Someone Else's Simcha / Ending Ramadan Festivities at the Alian Home

An Arab Israeli family sits down at the end of the holiest month of the Muslim calendar to take a breather, just one second before the next holiday kicks in.

Ron Ben-Tovim
Ron Ben-Tovim
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Ron Ben-Tovim
Ron Ben-Tovim

Location: Beit Safafa, Jerusalem

Time: 7:45 P.M.

In the neighborhood: A father and his two small children walk down one of the many winding, steep and tightly housed streets of Beit Safafa, an Arab neighborhood on Jerusalem's southern tip. Colorful laundry sways gently from lines in the late evening breeze, a welcome reprieve from the day's blistering heart, as a nearby mosque's call to prayer hovers above the mossy stone walls.

Venue: A one-story home, part of a larger complex of apartments and homes housing members of the Alian clan, situated among fig trees and near a newly constructed municipal park running along the path of the old Jerusalem railroad. Indoors, a wide living room, painted in dark peach, is decorated with black-and-white family photos and a tapestry of the Dome of the Rock. A statue in the shape of Palestine, with a large golden key affixed to it, sits in the corner.

Simcha: The last night of Ramadan in the Alian household

Number of guests: 5

A brief history of time: Hashem, 72, and Fathiya, 63, Alian, are both scions of the Alian family, one of the three original clans or khamulas in Beit Safafa (along with the Salmans and the Husseins). They were married in 1984, giving birth to four children: Rushdi, 28, Muhammad, 21, Noor, 19, and Zenab, 24, along with two older kids from Hashem's first marriage. Part of a long line of butchers ("My father had a shop in the German Colony, where the Discount Bank is now"), Hashem led a long career in hospitality and truck-driving through many wars and conflicts during his lifetime ("I've see many things in my life. I say I'm 200 years old"). He retired in 2007.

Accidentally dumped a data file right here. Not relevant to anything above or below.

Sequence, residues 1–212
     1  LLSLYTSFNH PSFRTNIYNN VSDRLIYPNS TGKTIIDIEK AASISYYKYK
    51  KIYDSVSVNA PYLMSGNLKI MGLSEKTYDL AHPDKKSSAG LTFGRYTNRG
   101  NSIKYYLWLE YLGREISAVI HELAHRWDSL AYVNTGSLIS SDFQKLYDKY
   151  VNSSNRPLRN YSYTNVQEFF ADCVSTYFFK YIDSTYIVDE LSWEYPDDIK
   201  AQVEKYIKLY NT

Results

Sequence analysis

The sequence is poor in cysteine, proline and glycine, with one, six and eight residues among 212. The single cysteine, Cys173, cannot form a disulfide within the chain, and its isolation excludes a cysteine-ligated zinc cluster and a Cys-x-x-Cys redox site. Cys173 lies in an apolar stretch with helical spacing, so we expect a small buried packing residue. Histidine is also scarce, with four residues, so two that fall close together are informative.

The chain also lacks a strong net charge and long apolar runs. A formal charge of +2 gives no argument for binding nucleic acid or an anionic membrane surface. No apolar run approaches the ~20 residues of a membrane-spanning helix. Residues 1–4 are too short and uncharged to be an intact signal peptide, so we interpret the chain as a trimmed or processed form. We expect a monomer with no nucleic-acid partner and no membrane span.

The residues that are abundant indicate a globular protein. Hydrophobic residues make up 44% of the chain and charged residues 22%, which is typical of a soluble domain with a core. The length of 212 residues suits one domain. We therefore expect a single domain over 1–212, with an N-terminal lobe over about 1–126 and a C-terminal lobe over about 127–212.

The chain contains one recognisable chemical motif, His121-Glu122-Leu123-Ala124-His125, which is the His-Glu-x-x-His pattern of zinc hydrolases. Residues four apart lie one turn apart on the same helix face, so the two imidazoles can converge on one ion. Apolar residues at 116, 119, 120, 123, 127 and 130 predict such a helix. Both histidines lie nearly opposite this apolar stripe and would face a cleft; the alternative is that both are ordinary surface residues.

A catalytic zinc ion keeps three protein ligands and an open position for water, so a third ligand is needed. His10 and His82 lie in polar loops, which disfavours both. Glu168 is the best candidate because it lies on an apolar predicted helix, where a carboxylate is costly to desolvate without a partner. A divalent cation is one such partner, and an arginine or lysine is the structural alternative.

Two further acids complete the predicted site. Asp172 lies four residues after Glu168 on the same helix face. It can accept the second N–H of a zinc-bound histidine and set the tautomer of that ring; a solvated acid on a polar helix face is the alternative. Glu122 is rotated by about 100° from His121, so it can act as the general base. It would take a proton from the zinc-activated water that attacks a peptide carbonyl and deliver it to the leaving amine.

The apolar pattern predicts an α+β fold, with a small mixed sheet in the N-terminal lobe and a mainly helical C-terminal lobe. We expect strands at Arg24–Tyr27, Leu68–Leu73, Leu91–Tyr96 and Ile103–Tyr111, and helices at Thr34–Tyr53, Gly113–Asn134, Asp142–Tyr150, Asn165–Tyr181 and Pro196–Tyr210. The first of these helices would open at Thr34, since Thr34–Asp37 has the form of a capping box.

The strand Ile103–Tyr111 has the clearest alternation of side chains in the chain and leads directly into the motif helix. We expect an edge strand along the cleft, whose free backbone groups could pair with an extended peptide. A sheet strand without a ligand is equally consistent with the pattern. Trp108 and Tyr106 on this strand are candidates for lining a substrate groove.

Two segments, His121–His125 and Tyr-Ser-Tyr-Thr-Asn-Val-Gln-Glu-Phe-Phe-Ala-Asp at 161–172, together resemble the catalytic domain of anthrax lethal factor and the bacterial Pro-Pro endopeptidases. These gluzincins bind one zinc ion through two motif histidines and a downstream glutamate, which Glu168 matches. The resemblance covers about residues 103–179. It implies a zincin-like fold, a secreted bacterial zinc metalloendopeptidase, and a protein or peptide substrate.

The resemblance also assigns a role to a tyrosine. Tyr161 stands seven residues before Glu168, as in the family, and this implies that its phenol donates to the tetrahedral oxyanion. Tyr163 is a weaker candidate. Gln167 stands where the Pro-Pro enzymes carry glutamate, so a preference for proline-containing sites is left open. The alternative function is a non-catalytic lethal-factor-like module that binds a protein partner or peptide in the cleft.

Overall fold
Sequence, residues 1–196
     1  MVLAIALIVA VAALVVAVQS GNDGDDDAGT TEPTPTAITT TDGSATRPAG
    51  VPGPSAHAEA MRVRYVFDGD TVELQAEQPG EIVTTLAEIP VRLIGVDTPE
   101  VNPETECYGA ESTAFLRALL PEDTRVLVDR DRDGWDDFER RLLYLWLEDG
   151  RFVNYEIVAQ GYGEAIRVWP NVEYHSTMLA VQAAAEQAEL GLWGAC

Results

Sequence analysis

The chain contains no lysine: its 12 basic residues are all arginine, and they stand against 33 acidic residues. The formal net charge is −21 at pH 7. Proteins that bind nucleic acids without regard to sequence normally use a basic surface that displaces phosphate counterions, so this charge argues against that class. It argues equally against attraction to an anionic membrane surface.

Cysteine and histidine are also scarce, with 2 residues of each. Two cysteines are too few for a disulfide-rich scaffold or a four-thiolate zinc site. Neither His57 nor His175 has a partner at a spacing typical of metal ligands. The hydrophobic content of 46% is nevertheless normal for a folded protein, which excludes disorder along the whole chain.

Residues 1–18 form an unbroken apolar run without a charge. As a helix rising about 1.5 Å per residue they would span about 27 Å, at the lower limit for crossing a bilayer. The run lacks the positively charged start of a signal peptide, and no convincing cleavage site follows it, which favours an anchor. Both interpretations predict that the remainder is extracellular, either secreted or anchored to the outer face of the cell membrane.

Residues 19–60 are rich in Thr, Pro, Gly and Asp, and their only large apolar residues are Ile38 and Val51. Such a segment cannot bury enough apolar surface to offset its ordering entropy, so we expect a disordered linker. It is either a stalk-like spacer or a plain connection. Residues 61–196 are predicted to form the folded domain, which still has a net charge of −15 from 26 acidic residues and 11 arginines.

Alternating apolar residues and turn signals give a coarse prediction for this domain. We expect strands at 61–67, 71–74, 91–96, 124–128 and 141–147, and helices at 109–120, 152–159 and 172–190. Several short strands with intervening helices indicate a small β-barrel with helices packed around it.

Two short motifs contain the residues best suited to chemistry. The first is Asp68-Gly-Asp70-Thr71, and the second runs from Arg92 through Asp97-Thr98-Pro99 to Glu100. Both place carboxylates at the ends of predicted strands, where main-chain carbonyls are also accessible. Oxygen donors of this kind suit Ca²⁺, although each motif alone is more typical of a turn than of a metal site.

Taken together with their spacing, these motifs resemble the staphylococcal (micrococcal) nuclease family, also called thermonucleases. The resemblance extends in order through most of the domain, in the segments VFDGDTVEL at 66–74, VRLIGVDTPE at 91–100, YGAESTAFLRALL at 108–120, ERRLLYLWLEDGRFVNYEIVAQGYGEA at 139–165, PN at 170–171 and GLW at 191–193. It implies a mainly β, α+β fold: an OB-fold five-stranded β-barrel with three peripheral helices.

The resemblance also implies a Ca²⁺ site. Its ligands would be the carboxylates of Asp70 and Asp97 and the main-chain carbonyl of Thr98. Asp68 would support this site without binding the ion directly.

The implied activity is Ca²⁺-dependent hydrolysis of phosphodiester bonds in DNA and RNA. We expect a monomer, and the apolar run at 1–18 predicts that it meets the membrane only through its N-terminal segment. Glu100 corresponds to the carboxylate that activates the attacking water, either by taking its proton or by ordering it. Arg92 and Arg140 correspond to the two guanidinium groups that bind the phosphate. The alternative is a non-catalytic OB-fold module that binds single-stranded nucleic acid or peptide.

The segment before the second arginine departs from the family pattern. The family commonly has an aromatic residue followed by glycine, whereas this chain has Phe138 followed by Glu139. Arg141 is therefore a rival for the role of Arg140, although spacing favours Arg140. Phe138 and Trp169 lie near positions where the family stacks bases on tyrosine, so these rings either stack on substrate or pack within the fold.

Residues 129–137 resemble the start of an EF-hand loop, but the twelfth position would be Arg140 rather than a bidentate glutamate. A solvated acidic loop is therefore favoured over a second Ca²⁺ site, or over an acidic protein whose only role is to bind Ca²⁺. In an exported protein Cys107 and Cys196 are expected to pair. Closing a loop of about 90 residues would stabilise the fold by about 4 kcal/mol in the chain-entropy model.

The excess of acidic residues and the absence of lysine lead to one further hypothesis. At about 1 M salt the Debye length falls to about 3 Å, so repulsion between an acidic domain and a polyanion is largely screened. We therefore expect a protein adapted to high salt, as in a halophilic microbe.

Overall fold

Ramadan: The ninth month of the Muslim calendar, Ramadan is considered the holiest month of the year, marking the time in which the Prophet Muhammad began receiving the revelations that make up the Quran. Muslim believers fast from sunrise to sunset every day during the month, breaking their fast in festive family dinners and visits to their relatives and friends.

The Alians preparing post-Ramadan tea and watching television in Beit Safafa, August 2013.
Youth engaging in capoeira in Beit Safafa, August 2013.
A boy in the marching band celebrating the end of the Ramadan fast in Beit Safafa, August 2013.
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The Alians preparing post-Ramadan tea and watching television in Beit Safafa, August 2013.Credit: Gil Cohen-Magen
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Youth engaging in capoeira in Beit Safafa, August 2013.Credit: Gil Cohen-Magen
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A boy in the marching band celebrating the end of the Ramadan fast in Beit Safafa, August 2013.

While actually marking the first evening of the holiday of Eid al-Fitr, the last night of Ramadan usually allows families to wind down a bit, before resuming celebrations first thing in the morning as part of the three-day festival. Rushdi: "There isn't any special meaning, but you could say it’s the most fun dinner, since you know that that's it, and in the next morning you can wake up with your coffee, start a regular day."

Rites: An-ever smiling Fathiya and Noor take care of the finishing touches in the kitchen ahead of the official end of the year's last day of fasting. In the living room, Rushdi, who works at the city's Biblical Zoo and instructs capoeira, a type of Brazilian martial arts, and Muhammad, a communications student now home for the holidays, sit with their father, wearing T-shirts and loose trousers, and watch the large flat screen TV showing live coverage of the Islamist protests near Cairo's Al Adawiyah mosque. Muhammad: "The media doesn't cover the Muslim protests at all." Fahiya: "We go to the Sinai every year for vacation. But not this year; too much going on."

Suddenly, the silence outside is broken by the sound of the muezzin, announcing the end of the fast with a melody used only on special occasions. On a large couch in the living room, Hashem, wearing a striped galabiya and white head cover, blesses the first post-fast glass of water, with the entire family sitting down at the dinner table.